How accurate are the arts about mental health issues? I got thinking about this while working on the September piece for the Wholenote, which is an interview with soprano Monica Whicher about the concert series organized each year at the U of T during the Suicide Prevention Week. It’s a good occasion to talk about mental health issues in university context, and remind people what services there are for those who may need them. In the article, I leave the university grounds and look at the availability of talk therapy for general population. It’s not great.
There was no room for this sidebar, so here it is. Some recent creations and two old ones, which approach mental health problems in intelligent ways:
Flowers (British TV Series, 2016-2018). The two-season Channel 4 / Netflix series looks inside a family in which the father is struggling with depression and – in the following season – the young daughter with bipolar disorder. Somehow it manages to be a comedy while also being devastating. Stars Olivia Colman and Harriet Walter, but entire cast is brilliant.
Maria Bamford’s stand-up. Bamford has been very open about her own life with mental illness, both in her standup and in media interviews. It’s not always easy to watch her – she is not a polished communicator always in control, she is visibly struggling but just about functioning while also creating smart and funny material and living her life and staying in a relationship. Respect.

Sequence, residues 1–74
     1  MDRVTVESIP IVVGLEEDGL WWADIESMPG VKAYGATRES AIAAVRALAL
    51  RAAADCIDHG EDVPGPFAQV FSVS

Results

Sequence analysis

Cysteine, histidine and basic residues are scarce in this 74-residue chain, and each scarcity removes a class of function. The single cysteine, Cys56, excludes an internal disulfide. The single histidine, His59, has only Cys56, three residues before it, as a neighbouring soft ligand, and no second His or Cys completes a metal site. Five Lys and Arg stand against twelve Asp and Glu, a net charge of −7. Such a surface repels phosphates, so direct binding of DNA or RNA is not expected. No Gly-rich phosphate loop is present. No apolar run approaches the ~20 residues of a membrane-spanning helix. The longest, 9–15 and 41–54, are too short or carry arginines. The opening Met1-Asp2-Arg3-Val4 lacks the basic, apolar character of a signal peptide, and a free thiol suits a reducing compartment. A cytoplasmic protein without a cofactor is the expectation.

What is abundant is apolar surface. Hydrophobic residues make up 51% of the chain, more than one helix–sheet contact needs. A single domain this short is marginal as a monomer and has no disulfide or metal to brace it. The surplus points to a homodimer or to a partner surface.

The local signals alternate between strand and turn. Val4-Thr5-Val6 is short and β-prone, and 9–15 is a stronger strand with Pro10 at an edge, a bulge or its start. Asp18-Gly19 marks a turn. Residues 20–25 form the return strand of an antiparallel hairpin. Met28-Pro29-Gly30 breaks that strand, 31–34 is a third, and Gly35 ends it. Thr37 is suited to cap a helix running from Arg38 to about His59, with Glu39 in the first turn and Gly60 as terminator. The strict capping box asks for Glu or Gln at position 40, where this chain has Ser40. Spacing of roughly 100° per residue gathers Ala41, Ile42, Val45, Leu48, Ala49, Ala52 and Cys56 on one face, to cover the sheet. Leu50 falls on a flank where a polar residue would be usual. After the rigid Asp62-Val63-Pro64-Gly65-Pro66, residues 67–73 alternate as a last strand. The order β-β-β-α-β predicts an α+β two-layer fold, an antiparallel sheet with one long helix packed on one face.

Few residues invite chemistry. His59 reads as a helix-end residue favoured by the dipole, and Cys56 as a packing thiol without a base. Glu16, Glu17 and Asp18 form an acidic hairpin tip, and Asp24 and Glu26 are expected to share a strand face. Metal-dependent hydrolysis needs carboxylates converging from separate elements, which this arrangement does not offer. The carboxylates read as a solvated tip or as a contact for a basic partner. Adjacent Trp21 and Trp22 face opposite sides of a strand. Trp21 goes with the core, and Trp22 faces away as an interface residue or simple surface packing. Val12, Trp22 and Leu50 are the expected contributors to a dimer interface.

Imagine Me Gone, a 2016 novel by Adam Haslett. Story of a family which loses one member to suicide, and another, gradually, to a multifaceted, elusive psychological distress which often appears as… being extremely good and alert to injustices in the world. All the characters are drawn out in subtle detail, as are their sufferings and joys. At the end, the family reconstitutes after the losses as best they can.
Virginia Woolf – the 1926 essay on ‘On Being Ill’ and the 1925 novel Mrs. Dalloway, which has a character trying to live with what we would now call post-traumatic stress disorder. His experience of the city of London and of being in the world in the 1920s after the Great War is entirely different from those that the central, well-off characters of the novel have, including the lovely and yet thoroughly oblivious Mrs. Dalloway herself.
Homer’s Iliad, any translation: the section The Grief of Achilles and the New Armour Made Him by Vulcan. As we’ve known at least since Homer, the problem with the dead is that they never die.